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Steelers

Kevin Gorman: Steelers must stop Patriots' Josh Gordon

Kevin Gorman
| Thursday, Dec. 13, 2018, 7:00 p.m.
Browns receiver Josh Gordon catches a touchdown pass, as the Steelers' Sean Davis defends during the fourth quarter Sunday, Sept. 9, 2018, at FirstEnergy Stadium in Cleveland.
Christopher Horner | Tribune-Review
Browns receiver Josh Gordon catches a touchdown pass, as the Steelers' Sean Davis defends during the fourth quarter Sunday, Sept. 9, 2018, at FirstEnergy Stadium in Cleveland.
Browns receiver Josh Gordon celebrates after scoring during the fourth quarter against the Steelers Sunday, Sept. 9, 2018, at FirstEnergy Stadium in Cleveland.
Christopher Horner | Tribune-Review
Browns receiver Josh Gordon celebrates after scoring during the fourth quarter against the Steelers Sunday, Sept. 9, 2018, at FirstEnergy Stadium in Cleveland.

Bill Belichick said the New England Patriots playing the Pittsburgh Steelers “almost feels like a division game,” a nod to the rivalry that has developed between two of the top teams in the AFC.

That feeling must be multiplied for Josh Gordon, who played hero for the Cleveland Browns in the season opener against the Steelers at FirstEnergy Stadium. Gordon caught a 17-yard touchdown with 1 minute, 58 seconds remaining in regulation to tie a game that ended in a 21-21 draw, helping the Browns end their 19-game losing streak.

That gives Gordon, who was traded to New England in September, something of an edge when the Patriots visit Heinz Field on Sunday. With this being his second meeting with the Steelers, Gordon already is familiar with their multiple coverage defensive schemes.

“Josh has done well in his adjustment and transition to a new team,” said Belichick, calling Gordon “fluent” in the Patriots offense. “He knows the offense well now to go out and do what we need to do every week.”

Gordon is the latest reclamation project to shine under Belichick’s rule, following the likes of Randy Moss, LeGarrette Blount, Martellus Bennett and James Harrison. They serve as examples of the differences in discipline between the Patriots and Steelers, who have shown no interest in adding players who could be potential distractions.

After spending his first four seasons with the basement-dwelling Browns, Gordon is focused on getting his first taste of the postseason with the Patriots. That should give him all the incentive in the world to beat the Steelers, something he did only once in six games in Cleveland.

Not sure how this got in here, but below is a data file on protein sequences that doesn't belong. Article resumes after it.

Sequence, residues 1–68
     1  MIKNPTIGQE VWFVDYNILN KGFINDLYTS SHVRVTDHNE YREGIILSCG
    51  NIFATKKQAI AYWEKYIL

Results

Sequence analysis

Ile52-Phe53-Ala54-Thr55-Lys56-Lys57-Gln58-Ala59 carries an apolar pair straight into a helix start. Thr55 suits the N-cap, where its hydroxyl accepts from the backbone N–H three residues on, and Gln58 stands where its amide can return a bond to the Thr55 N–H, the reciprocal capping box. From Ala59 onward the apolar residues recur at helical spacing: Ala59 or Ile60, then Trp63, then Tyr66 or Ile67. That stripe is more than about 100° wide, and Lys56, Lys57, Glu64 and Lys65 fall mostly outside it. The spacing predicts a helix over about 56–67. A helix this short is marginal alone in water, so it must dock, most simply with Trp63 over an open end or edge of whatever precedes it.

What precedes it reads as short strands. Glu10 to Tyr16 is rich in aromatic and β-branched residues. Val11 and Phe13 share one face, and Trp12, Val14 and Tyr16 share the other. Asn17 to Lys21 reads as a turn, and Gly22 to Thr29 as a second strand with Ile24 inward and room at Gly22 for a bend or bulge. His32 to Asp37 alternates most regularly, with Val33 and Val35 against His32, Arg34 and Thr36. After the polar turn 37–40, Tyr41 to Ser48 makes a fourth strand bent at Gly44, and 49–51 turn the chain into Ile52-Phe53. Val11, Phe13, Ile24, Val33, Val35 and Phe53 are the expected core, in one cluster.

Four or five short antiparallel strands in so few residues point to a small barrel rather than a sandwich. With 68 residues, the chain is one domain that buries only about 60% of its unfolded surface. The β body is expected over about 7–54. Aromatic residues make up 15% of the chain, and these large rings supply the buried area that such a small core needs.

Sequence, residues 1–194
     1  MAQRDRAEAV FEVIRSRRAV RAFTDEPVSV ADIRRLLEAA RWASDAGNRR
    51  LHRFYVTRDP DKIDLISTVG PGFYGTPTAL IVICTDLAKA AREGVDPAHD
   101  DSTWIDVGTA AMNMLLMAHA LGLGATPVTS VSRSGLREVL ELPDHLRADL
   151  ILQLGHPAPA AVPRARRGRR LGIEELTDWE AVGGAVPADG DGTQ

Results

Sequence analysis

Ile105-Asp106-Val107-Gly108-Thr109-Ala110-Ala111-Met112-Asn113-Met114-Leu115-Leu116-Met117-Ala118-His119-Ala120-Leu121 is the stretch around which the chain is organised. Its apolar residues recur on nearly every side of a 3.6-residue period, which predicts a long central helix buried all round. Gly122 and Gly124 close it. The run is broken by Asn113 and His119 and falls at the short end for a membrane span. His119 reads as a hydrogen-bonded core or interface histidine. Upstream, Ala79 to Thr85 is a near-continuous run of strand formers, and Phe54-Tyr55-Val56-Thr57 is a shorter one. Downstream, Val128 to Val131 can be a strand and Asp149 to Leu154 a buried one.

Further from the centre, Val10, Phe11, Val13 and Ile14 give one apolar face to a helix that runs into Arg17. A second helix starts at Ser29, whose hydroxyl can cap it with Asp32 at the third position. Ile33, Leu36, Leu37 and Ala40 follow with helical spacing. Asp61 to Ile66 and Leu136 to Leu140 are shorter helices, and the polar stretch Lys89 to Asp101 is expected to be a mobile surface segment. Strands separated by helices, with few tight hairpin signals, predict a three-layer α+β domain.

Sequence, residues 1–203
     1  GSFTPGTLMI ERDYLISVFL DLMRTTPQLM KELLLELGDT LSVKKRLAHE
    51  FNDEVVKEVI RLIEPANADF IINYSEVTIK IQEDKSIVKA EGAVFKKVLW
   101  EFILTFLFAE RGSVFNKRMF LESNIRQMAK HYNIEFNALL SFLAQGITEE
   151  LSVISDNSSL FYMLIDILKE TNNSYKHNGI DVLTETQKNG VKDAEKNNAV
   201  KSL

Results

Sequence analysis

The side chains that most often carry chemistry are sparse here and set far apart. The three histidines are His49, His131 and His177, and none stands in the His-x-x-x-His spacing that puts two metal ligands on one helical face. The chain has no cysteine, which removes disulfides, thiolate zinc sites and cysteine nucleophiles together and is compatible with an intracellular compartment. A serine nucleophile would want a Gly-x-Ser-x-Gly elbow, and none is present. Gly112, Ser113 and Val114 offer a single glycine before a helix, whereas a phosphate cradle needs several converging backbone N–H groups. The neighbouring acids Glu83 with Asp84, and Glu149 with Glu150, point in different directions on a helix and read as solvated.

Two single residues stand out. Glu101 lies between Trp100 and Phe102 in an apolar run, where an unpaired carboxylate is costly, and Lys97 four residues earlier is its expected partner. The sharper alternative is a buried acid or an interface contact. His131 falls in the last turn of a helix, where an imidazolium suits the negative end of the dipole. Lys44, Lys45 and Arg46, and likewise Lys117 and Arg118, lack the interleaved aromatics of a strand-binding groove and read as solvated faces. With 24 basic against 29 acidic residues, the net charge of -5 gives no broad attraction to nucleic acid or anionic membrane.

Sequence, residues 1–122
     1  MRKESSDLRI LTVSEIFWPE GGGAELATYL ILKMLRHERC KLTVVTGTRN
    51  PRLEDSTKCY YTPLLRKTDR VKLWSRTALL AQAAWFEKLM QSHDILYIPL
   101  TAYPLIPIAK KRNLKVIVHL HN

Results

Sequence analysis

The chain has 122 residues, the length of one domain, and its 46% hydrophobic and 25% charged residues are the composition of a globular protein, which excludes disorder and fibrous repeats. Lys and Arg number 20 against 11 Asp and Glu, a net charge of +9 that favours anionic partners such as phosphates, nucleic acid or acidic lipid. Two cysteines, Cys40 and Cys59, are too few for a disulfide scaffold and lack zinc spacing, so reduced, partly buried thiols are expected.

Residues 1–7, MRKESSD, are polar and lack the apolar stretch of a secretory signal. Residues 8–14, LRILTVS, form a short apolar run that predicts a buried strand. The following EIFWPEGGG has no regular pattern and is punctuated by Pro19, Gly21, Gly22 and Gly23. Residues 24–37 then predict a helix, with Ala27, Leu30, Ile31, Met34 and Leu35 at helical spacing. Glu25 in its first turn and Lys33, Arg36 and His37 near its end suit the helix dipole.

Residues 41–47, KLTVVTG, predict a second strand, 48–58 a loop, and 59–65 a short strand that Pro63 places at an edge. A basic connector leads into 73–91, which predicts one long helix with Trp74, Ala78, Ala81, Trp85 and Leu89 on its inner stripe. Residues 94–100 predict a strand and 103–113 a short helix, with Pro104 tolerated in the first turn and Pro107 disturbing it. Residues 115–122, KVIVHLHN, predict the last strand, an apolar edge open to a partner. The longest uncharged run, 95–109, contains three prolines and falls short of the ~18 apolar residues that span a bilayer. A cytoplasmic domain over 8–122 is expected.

“It’s different. That’s for sure,” Gordon told ESPN late last month. “It’s exciting. It’s motivational for me and for everybody. I’ve never really got the opportunity before, considering the circumstances. So it’s great to have the opportunity now.”

The 6-foot-3, 225-pound Gordon is dangerous on his own, as evidenced by his first two NFL seasons. As a rookie in 2012, he had 50 catches for 805 yards and five touchdowns. The next season, Gordon had 87 receptions for 1,646 yards and nine touchdowns, becoming the first receiver in NFL history to record back-to-back 200-yard games.

Gordon did that despite his drug and alcohol problems that led to him serving two suspensions for violating the league’s substance-abuse policy, not to mention the Browns never establishing a starter at quarterback. Now, he’s catching passes from Tom Brady, arguably the game’s greatest quarterback ever.

Where Gordon’s statistics (39 catches for 701 yards and three touchdowns) might appear pedestrian compared to Steelers 1,000-yard receivers JuJu Smith-Schuster and Antonio Brown, Gordon is averaging 18 yards per catch, has a pair of 100-yard games and fell just short of another with five catches for 96 yards against Miami last week.

“Shoot, he’s a big man that can run,” Steelers defensive coordinator Keith Butler said, noting the Patriots spread the ball around to create mismatches. “He’s a deep-ball guy. If you look for anybody that’s going deep for them, it’s probably him.”

That’s just another thing for the Steelers to contend with on a checklist that starts with Brady and tight end Rob Gronkowski and includes Julian Edelman and Cordarrelle Patterson. Heck, two years ago, the Steelers couldn’t stop Chris Hogan, a former lacrosse star who had nine catches for 180 yards and two touchdowns in the AFC championship game.

But the Steelers already experienced firsthand that Gordon can make momentum-changing plays, even if it wasn’t enough to beat them.

“He’s played the Steelers already this year, so he’s got a feel for that. And he’s got a feel for New England, so it’s doubled on his end more so than on our end,” said Steelers cornerback Cameron Sutton, who was covering Gordon on that touchdown pass. “We played him this year, but not in this system. It goes hand in hand but back and forth, too.

“He’s a well-rounded receiver with all the intangibles: He has size, speed, the hands, and he’s obviously a vertical threat and an intermediate possession threat, as well. He’s in an offense that highlights that for them. They do a good job, whether it’s schematics or with a quarterback like (Brady) creating those opportunities for him. He’s made the most of that. That’s a testament to his work and the time he puts into his craft and going out there and making plays when his number is called.”

If the Patriots call his number, Gordon could serve as a spoiler for the Steelers a second time this season.

Kevin Gorman is a Tribune-Review staff writer. You can contact Kevin at kgorman@tribweb.com or via Twitter @KGorman_Trib.

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